I get my ideas from some pretty random places. For From Blood and Ash, it all started with the 2016 Olympics. I don’t know why. I don’t know how, but the idea started and spun from there. The Ascended and the Descenters were with me from the beginning, along with Poppy and Hawke. They came to me immediately, and the rest pieces together, almost like a movie playing in my head, as I write. I wanted to make sure that even though this is a fantasy world, not rooted in any contemporary setting, that it would still be relatable, and even a little ‘modern’ in the way people speak or in societal rules. I think that helps keep it relatable. I could be wrong, though. I’m usually wrong. 

2) I really identified with Poppy because she was so apart from everyone else - I won’t go into my own personal circumstances, but I know what it’s like to be separated from others.  What made you go that direction with your heroine?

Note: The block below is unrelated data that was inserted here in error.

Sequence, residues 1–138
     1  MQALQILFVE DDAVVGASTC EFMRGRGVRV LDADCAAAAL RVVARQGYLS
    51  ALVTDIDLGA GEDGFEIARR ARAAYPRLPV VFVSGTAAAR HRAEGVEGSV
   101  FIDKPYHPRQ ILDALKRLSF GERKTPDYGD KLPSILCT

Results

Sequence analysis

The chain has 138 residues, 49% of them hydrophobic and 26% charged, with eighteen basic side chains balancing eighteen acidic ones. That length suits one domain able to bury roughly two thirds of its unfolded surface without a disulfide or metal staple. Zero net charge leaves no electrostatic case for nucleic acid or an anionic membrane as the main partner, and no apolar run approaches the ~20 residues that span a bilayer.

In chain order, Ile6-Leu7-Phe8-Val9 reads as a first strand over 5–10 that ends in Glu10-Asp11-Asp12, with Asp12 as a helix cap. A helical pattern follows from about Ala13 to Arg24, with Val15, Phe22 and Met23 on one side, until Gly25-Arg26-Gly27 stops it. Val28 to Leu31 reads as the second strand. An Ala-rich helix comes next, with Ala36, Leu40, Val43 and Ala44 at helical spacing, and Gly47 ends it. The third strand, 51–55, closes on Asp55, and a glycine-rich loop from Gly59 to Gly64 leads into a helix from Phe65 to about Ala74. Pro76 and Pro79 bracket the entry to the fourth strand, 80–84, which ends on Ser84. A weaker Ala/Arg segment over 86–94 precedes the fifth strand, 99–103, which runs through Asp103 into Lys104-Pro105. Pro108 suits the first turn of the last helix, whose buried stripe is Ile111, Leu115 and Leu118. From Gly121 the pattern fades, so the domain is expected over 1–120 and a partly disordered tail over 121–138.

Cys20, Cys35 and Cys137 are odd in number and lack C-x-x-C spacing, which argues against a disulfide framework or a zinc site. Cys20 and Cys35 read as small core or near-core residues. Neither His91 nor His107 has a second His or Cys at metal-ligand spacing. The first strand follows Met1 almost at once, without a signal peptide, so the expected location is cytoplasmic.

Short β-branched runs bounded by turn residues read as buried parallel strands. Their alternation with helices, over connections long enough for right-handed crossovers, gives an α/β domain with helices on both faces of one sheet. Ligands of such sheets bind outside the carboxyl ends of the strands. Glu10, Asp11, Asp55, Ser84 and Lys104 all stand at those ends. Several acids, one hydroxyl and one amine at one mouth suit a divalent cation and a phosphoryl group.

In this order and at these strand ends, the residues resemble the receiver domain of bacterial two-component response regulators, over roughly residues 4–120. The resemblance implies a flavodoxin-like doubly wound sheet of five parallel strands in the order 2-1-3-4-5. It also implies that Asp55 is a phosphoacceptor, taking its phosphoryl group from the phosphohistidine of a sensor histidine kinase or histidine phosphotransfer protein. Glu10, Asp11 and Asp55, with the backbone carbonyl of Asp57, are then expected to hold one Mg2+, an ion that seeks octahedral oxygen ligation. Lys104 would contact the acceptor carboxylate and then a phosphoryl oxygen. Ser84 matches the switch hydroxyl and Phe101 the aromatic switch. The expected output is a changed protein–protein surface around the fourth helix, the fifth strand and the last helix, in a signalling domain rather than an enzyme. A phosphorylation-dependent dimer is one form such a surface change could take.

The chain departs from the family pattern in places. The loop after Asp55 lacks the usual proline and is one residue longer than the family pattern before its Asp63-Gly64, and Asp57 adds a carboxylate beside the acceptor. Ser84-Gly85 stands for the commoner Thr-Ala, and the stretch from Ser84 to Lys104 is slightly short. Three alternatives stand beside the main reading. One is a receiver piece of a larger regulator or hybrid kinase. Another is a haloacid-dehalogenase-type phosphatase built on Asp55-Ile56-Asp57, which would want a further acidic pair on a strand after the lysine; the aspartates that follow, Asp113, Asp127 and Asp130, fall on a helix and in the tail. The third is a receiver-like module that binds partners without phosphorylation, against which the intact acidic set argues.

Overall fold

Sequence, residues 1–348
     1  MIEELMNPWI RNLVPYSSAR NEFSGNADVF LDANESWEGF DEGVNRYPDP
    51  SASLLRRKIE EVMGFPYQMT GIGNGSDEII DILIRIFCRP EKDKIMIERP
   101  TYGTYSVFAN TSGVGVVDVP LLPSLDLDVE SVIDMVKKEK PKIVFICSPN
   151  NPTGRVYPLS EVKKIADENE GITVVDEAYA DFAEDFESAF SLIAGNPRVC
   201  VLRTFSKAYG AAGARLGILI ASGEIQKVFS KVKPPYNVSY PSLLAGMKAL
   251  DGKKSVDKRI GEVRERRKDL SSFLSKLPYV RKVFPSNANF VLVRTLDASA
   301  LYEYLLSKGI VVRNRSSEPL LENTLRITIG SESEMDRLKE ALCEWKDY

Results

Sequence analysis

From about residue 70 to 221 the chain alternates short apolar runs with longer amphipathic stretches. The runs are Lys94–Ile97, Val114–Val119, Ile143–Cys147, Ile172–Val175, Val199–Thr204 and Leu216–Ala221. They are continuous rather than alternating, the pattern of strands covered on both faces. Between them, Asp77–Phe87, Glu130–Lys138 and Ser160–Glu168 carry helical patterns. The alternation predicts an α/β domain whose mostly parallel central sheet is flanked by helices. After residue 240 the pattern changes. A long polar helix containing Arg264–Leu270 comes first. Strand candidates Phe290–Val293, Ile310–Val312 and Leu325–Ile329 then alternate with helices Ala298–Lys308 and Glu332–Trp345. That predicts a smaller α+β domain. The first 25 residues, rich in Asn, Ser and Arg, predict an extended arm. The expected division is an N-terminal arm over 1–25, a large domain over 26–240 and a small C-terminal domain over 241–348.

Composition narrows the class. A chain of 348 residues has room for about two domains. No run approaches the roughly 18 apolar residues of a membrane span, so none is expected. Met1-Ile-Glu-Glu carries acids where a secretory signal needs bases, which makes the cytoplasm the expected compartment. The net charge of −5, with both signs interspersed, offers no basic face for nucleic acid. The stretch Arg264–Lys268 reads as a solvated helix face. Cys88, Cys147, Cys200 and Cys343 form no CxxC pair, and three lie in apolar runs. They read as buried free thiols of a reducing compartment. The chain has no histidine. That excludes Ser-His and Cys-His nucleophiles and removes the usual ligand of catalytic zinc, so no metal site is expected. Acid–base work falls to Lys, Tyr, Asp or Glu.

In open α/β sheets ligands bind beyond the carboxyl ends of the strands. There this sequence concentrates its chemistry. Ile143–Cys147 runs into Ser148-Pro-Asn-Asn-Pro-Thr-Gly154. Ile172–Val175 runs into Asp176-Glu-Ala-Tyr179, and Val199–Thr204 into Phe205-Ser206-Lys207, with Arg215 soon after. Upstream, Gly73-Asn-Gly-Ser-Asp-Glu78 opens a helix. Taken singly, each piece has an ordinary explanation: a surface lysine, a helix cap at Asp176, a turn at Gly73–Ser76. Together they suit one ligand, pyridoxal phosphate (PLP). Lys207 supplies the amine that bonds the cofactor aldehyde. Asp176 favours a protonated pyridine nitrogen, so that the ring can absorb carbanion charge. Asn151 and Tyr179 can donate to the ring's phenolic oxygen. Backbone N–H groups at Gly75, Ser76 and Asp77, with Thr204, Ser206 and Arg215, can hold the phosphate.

I think that even though most people would never (hopefully) find themselves in Poppy’s situation, there is still something so incredibly relatable to feeling separated even if you’re surrounded by people, but in her case, she truly is set aside from everyone else because of her status as the Maiden. I think it’s interesting to explore how society puts so much weight and value on something that’s not tangible (like maidenhood or purity) over how a person thinks, acts, and behaves, and I really wanted to delve into how she is pretty much held to a standard that at the end of the day doesn’t determine if someone is good or bad. One thing that I personally love about Poppy is that she is a badass despite being incredibly sheltered and caged. Hand her a dagger or a bow, and you better start running, but she is also vulnerable. There’s so much she hasn’t experienced. And the contrast between being able and willing to use a weapon and still being vulnerable with an air of innocence (that has nothing to do with naughty shenanigans) always makes for a interesting character.